Culture & Criticism Since 2003
I got a copy of Mr Mercedes from a friend, along with the following note: “I have always had a love/hate relationship with Stephen King. King’s early novels and short stories tended to be well written with just the right blend of horror and funk. Then, Mr. King became a writing machine and his output became hit or miss. […] I was not overly optimistic.
“Once again King proved me wrong. Mr Mercedes reminds me of his earlier works. I also suspect that he may have fallen off the wagon because this book is dark. I mean deep, deep, dark like the vacuum of space.”
Well, King excels at ‘dark’. Regular readers of King have as many different words for ‘dark’ as Inuit tribes supposedly have for ‘snow’. Grim, sick, disturbing, bleak…
…and spellbinding. The quality of King’s work has varied, but he always has that ‘gotcha’ moment. You keep reading, because this is a King story, and there’s no reason to suppose the two planes are going to swerve at the last minute and miss each other, and certainly no reason to suppose that all (or even any) of the ‘good guys’ are going to be alive by the time to get to the back cover and find a picture of King laughing his ass off at you because he’s done it to you again.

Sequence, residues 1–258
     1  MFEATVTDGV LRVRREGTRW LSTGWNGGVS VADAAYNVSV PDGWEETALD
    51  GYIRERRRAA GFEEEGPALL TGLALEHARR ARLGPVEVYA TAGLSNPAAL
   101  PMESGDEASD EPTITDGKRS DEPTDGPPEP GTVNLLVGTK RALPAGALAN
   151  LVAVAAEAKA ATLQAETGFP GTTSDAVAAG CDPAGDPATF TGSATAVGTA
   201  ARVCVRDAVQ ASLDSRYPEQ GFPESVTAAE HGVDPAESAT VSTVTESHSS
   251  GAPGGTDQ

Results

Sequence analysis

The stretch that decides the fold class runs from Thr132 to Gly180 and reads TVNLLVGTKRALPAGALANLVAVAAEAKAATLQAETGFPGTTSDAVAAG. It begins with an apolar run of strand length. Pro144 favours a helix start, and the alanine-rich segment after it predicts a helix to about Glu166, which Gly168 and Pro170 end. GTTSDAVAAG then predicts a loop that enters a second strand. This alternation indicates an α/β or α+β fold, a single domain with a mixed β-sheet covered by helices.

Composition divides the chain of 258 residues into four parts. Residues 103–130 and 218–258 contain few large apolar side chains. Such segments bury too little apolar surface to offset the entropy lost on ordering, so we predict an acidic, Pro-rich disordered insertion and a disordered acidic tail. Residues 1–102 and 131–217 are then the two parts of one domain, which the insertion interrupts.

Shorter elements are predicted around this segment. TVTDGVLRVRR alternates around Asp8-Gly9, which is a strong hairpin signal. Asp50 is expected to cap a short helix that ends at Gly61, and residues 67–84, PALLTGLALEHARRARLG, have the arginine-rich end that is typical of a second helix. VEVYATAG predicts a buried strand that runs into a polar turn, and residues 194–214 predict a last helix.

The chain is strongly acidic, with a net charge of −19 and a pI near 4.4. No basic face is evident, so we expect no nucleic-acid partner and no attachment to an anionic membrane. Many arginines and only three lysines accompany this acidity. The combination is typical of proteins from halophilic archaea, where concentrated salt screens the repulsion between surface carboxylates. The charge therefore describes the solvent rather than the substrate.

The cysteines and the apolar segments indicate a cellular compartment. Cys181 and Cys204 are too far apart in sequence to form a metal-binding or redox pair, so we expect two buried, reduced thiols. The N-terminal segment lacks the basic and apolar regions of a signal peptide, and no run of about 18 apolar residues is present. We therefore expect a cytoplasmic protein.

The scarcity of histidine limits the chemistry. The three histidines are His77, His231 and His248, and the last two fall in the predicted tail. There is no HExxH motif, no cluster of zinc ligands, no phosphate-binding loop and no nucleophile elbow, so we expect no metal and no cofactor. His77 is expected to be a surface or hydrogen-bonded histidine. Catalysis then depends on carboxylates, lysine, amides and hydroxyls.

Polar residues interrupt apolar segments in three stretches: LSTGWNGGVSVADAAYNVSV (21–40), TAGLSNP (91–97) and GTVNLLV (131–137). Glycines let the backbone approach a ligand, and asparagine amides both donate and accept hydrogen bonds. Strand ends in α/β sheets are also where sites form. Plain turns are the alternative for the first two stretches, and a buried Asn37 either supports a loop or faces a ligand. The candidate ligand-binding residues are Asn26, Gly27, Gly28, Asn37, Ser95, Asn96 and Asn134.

In this one, a retired cop and his unlikely companions are on the trail of a mass murderer who may be planning to strike again, on a much grander scale. Sounds formulaic if not trite, but it isn’t. This is King.
I advise to avoid reading it in the dark if you want to sleep afterward.
Zepp Jamieson was born in Ottawa, Ontario, and spent his formative years living in various parts of Canada, the UK, South Africa and Australia before finally moving to the United States, where he has lived for over 40 years. Aside from writing, his interests include hiking, raising dogs and cats, and making computers jump through hoops. His wife of 25 years edits his copy, and bravely attempts to make him sound coherent. Reach him through The Electric Review.